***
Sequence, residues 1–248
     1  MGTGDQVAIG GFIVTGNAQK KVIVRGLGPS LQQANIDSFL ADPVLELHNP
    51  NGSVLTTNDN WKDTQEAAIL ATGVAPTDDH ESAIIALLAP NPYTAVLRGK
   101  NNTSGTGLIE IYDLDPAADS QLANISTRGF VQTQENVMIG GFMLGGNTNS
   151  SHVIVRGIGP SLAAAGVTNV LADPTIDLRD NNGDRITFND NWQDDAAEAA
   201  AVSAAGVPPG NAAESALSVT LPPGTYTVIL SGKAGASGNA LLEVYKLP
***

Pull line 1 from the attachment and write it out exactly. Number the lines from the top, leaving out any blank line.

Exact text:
Sequence, residues 1–248